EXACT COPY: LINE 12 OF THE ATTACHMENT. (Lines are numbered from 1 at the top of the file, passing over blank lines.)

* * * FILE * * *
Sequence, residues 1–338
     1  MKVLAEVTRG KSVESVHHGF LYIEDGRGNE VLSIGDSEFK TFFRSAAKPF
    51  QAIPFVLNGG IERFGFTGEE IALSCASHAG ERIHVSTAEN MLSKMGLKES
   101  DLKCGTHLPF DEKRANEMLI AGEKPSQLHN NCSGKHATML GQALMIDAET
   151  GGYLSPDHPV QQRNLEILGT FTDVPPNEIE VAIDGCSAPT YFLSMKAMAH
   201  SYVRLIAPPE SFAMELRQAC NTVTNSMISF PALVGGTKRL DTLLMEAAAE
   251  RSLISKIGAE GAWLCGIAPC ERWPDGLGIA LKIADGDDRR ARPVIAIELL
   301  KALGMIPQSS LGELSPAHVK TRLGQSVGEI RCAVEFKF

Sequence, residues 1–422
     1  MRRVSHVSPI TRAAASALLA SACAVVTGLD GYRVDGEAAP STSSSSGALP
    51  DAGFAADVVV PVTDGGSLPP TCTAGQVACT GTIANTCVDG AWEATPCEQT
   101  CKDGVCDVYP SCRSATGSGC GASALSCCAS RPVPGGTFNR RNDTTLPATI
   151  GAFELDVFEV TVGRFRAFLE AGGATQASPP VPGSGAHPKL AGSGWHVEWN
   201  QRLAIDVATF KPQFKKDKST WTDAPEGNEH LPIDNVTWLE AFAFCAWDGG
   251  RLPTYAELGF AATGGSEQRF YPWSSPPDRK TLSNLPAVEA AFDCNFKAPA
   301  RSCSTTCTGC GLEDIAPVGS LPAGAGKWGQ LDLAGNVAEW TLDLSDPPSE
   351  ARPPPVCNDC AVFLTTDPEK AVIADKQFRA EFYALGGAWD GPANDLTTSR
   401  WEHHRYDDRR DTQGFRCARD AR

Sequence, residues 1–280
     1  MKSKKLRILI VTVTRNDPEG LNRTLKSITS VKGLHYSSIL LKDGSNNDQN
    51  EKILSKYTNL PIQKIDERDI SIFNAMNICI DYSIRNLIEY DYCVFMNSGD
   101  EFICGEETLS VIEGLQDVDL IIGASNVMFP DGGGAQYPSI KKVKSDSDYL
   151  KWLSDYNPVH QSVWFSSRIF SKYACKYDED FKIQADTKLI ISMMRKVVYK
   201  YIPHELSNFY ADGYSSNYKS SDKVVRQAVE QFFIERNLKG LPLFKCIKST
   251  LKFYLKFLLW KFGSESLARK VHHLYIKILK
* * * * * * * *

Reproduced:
   101  CKDGVCDVYP SCRSATGSGC GASALSCCAS RPVPGGTFNR RNDTTLPATI